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By D. D.

The word 'habits' spray painted on a red brick wall.
Vajrasattva practice can help us purify and overcome bad habits. (Photo by Steve McLaughlin)

At first it was difficult to read the mantra while simultaneously doing the visualization but with practice I’m getting the hang of it, and I feel it’s going quite smoothly. It may be quite some time before I have the mantra committed to memory. The tape you sent helped considerably with the pronunciation.

I’m having mixed results with waking up early due in part to old habit energy and schedule conflicts, but I still manage to get all 108 long mantras done, and I’m determined to wake up early on days when I’m tempted to sleep in. I don’t want to waste this precious opportunity to practice and to develop good sleeping patterns. There are days when due to schedule conflicts (my job, etc.) I’m forced to do a session in the afternoon. But I haven’t missed a day yet and don’t plan to, barring some unforeseen emergency—train wreck, alien abduction, tornado—you get the picture.

I’ve taken your suggestion to review the ten destructive actions while doing the power of regret. Starting with the first one, killing, I’ve carefully reviewed my life, trying to recall every instance of sentient life I’ve taken from the smallest insect to the fish and small game I killed for sport due to my ignorance. I think about all the beings intentionally killed by stepping, breathing, flushing and boiling, etc. When the time is right (probably during another future retreat) I’d like to go even deeper and purify all the sentient life I’ve taken indirectly through eating meat. But I’m not ready to make that step yet.

It’s amazing what comes up as I review my involvement in ten destructive actions—deep remorse, sometimes tears. Sometimes during and after the practice there is a profound cathartic effect that usually leaves me light-hearted and buoyant.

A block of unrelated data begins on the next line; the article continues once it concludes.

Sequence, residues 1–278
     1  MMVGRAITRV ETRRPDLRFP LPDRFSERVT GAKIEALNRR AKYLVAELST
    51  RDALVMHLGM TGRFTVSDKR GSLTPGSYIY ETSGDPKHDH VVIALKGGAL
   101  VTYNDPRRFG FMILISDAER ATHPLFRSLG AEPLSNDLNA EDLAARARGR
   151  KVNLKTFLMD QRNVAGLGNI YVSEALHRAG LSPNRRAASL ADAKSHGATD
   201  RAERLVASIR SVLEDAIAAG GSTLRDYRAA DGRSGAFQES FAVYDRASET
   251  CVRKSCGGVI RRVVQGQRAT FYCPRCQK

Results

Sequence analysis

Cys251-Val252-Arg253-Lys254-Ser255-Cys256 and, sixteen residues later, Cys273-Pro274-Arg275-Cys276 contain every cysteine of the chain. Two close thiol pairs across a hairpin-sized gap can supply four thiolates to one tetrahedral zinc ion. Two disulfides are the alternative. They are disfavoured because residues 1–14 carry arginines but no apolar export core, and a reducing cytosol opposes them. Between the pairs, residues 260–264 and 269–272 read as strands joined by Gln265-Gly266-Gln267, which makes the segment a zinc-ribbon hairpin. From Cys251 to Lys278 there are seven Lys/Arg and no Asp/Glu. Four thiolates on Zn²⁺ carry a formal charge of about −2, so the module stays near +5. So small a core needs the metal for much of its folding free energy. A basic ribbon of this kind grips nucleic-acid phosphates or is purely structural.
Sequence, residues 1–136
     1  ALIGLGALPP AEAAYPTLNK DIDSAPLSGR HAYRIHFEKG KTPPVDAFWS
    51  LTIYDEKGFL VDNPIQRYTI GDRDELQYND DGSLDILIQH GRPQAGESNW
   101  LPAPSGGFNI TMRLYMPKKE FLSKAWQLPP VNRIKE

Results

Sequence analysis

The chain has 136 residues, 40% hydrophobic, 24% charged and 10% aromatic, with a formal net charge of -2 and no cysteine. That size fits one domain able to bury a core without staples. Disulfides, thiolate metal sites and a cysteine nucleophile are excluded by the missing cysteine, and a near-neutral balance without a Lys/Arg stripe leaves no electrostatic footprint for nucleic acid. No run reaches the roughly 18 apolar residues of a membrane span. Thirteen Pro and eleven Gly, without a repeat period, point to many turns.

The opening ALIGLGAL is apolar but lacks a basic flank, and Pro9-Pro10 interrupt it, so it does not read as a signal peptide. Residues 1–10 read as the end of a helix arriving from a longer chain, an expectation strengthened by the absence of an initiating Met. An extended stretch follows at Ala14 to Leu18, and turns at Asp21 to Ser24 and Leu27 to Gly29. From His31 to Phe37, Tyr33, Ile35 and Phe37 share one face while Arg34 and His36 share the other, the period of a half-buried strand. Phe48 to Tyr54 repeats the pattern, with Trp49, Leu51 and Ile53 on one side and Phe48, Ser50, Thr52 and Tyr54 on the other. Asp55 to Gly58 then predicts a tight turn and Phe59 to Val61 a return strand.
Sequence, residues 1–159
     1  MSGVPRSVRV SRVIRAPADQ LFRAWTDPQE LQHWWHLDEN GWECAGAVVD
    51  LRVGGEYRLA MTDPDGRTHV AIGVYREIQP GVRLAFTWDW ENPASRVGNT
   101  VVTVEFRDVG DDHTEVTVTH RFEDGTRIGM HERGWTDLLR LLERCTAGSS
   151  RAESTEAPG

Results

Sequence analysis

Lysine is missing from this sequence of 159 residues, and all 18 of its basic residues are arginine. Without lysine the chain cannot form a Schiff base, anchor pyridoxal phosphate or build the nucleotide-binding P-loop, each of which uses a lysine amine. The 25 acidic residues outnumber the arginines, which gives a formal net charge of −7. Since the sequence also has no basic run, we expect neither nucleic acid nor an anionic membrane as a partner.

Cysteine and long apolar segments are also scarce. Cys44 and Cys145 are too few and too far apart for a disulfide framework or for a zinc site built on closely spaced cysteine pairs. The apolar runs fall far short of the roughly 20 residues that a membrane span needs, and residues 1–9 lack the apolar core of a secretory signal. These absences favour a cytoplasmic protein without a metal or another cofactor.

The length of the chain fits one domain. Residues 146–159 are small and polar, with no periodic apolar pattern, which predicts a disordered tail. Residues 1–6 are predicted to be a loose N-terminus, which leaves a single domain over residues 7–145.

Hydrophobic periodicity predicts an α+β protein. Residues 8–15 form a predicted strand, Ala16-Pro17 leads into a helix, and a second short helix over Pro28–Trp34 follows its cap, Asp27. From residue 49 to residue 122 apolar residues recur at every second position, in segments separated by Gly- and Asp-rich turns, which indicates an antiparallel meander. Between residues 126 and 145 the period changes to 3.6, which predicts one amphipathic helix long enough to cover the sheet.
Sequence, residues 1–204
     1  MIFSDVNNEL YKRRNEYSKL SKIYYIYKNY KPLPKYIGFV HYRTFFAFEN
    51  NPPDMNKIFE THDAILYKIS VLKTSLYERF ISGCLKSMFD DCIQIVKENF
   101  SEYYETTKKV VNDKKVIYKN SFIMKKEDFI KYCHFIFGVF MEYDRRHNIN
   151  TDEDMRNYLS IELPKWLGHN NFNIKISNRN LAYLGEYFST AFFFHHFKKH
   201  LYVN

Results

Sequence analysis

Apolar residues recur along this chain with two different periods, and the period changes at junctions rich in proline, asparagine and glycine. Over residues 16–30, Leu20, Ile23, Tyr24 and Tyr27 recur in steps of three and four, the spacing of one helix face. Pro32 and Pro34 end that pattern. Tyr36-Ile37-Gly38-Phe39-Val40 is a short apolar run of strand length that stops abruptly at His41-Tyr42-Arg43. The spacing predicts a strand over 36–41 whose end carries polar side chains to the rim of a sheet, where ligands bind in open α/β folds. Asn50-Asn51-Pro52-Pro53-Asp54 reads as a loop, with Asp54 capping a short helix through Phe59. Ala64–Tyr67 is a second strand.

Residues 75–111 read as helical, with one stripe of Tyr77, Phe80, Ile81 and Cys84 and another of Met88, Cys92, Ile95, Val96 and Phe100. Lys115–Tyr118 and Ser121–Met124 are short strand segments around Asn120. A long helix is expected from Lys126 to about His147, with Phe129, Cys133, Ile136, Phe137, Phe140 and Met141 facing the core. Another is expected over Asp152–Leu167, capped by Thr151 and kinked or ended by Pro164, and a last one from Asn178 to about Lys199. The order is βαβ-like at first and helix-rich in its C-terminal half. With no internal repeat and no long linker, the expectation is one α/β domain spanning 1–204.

Of course there are times throughout the day/week where I’m a bit moody but I reflect on the impermanent nature of moods and they usually quickly go away. It also helps to do the short Vajrasattva mantras while doing various mundane activities, and it is especially useful for pulling me out of an angry or sad episode. I certainly don’t dwell on negative situations like I did in the past.

I wonder if the moodiness is from karma ripening because it seems to come about for no apparent reason. Or is it that just the nature of an undisciplined samsaric mind? Actually, when I think carefully about it, most of my moodiness can be traced to petty incidents throughout the day that cause me resentment. When I notice this and apply the power of regret and say some mantras, the moodiness goes away.

I try to review each destructive action I’ve committed as thoroughly as possible. Memory is a funny thing though. Sometimes it’s easy to recall lost memories in detail. Other times it’s fuzzy and there’s that nagging feeling that I’m forgetting some “big ones.” But all I can do is the best of my ability. I also regret negative actions done in infinite previous lives as well.

During this time of retreat, I’ve cut way down on my television viewing, reducing it to about an hour every evening for the news. In this way I can keep up on world events, especially the tsunami which has deeply saddened me. It helps to dedicate mantras to the victims (both alive and dead), and also I’m inspired by the many examples of courage, compassion, and selflessness that these amazing people have shown in the face of adversity.

I’m trying to limit my activities throughout the day to strictly Dharma. Sometimes it’s pretty difficult. For example I’m still in the habit of joking, talking, and laughing with various people that I interact with. I’ve also tried to reduce my foul language, but it’s not very easy. I think the important think is to try and at least reduce some of my major attachment and be more mindful of my words and actions.

Thanks once again for giving us the opportunity to do such a powerful, blissful, and wonderful practice. It seem as though I can finally put some things from my past to rest and continue the process of making peace with myself, and others.

Incarcerated people

Many incarcerated people from all over the United States correspond with Venerable Thubten Chodron and monastics from Sravasti Abbey. They offer great insights into how they are applying the Dharma and striving to be of benefit to themselves and others in even the most difficult of situations.